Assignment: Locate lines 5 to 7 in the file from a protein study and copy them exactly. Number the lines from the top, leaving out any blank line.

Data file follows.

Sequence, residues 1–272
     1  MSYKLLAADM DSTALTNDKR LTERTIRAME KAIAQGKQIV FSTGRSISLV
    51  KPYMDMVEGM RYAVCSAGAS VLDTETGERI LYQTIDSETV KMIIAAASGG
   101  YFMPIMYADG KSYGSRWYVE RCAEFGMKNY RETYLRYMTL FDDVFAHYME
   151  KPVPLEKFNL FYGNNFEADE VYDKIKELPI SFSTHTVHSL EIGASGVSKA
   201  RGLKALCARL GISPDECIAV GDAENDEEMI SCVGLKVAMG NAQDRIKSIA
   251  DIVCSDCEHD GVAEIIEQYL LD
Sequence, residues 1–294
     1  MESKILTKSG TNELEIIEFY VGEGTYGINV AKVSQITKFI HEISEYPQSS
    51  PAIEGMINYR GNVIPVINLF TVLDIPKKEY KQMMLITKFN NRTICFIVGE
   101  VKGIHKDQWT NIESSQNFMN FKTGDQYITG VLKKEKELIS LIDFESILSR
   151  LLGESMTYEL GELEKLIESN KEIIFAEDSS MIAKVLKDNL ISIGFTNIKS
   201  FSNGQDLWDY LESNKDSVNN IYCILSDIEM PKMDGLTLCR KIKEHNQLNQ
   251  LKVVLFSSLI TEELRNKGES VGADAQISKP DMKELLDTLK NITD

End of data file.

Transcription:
   151  KPVPLEKFNL FYGNNFEADE VYDKIKELPI SFSTHTVHSL EIGASGVSKA
   201  RGLKALCARL GISPDECIAV GDAENDEEMI SCVGLKVAMG NAQDRIKSIA
   251  DIVCSDCEHD GVAEIIEQYL LD